Time to Go Back to That 70s Show
Unless you are living under a rock, you know by now that current times are nowhere near economic stability. In fact, there has not been such “stability” (regardless of what politicians and central bankers say) since the ending of the Bretton Woods agreement in 1971. What did ending the Bretton Woods agreement mean to the world? Since I am no expert on the topic, I suggest reading this article by the CATO Institute. According to historical data and using the year 1913 as the base year, we find out that the total rise in prices is roughly 2920 percent ($1 in 1913 needs $29.20 today to buy the same). From 1913 to 1971, the index grew by 400 percent or 4 points, meaning prices multiplied by 4 in 58 years. Now, comparing from 1971 to 2019 we see that the index rose 21.73 points or 2173 percent in a similar year span. It is almost a 6-time difference.
Many Keynesian economists (and some “free-marketer” monetarists) argue that it is thanks to inflation -as Austrian thinkers, we refer to inflation as the increase in monetary supply, but for easier-reading-and-writing purposes, the general conception of inflation is the general rise in prices will be used- that wages grow with it. But is this true? In 1971, according to the SSA, the average wage index was $6,497.08, while in 2019 it was $54,099.99, a 732.68 percent increase. Yes, wages grow, but 3 times less than prices do, which turns into much lower purchasing power. According to the same data from the SSA, the average wage in 1951 was $2,799.16, which means wages grew 132.11 percent from that year until 1971. How much did prices grow? 55.77 percent, meaning workers acquired more than 2 times more purchasing power, a big difference compared to what happened after abandoning the imperfect sound money system we had. The average inflation rate during that time was 2.24 percent, while from 1971 until 2019 it was 3.91 percent.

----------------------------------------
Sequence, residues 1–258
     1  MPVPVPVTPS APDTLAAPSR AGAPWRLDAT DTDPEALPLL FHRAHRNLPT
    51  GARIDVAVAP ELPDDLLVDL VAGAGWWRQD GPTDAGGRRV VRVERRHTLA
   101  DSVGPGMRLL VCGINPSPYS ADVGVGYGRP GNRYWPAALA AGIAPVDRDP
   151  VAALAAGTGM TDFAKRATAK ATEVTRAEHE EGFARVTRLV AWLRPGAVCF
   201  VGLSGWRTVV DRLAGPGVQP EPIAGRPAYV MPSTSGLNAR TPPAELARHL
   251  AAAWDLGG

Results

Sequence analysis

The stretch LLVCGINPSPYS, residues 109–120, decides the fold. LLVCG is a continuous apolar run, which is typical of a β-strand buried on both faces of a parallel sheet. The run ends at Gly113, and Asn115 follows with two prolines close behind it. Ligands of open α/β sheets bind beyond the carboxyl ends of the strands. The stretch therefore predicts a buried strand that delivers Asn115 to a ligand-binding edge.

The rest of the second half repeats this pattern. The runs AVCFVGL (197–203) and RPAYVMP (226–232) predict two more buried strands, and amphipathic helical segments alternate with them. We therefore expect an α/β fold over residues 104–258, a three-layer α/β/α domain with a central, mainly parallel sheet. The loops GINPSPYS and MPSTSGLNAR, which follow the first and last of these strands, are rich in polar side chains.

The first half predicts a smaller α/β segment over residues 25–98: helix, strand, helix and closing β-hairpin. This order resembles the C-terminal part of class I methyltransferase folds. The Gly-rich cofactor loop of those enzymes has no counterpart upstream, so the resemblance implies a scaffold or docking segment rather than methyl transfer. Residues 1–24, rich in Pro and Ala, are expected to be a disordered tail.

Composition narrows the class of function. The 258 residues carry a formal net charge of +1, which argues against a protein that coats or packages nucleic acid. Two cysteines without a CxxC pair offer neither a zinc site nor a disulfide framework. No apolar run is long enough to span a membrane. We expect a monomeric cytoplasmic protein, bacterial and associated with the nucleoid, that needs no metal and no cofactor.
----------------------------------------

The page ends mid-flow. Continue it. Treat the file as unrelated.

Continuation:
This itself should serve as enough proof to go back to a commodity-backed system, but more facts can be brought up to make the argument even more solid. According to Fed data, median home prices have risen from $25,800 in the last quarter before leaving Bretton Woods to $327,100 in 2019, a 1167.83 percent increase (1561.63 percent until 2022), with growth in wages sitting far behind. Cars cost an average of $2,700 in 1971, and we got the news that the average price now sits at around $47,000, or 1640.74 percent, and again, wages far behind prices. It is not only the rise in prices that matters. US federal debt was 35 percent of the GDP in 1971 and never went above 90 percent with the WWII (including post-war) exception, and since 1950 it never surpassed 74 percent, again being an exception and following a downtrend until 1971. Debt has been above 100 percent for 8 years and will continue to do so for at least a few more since it’s sitting at almost 125 percent currently. This table shows perfectly the trend before and after 1971.
Now the economic and historical case has been made, we need to focus on the philosophical case. There are four main points for libertarians to be against a central bank or any similar institution and not in favor of sound money. First, ever since 1971, central banking gained tremendous power, and with it, so did the government. We know that economic power will always be abused. We are opposed to the government having more power than it should, so we cannot be in favor of a central bank. Second, the central bank sets interest rates, which is a form of central planning, and we believe it only brings misery, and therefore we favor market-driven rates, which instead bring prosperity and growth since they follow a non-artificial, imposed rate, and today is proof of it. Third, we know thanks to Murray Rothbard’s perfect explanation in his classic, America’s Great Depression, that printing money and expanding artificial credit to enterprises leads to what is known as the business cycle theory, which always ends up in recessions as we have seen in the past. And fourth, we believe in a free market, and most of the economic interventions are used to bail out banks, which was seen in 2008. This goes against the principle of free competition in a non-regulated market.
Academic papers can -and will soon- be written on the topic, but this overall, non-technical and easy-to-understand analysis and these arguments will serve as a good basis to be against the current power-abusing, out-of-control system we live in and favor a commodity-based one. It will be with commodity-backed money that we will have a true free-market economy and we will prosper. Until then, we will continue to go downhill and we will see prices rise 3 times, or even faster than wages do, making us poorer and more dependent on the government every day.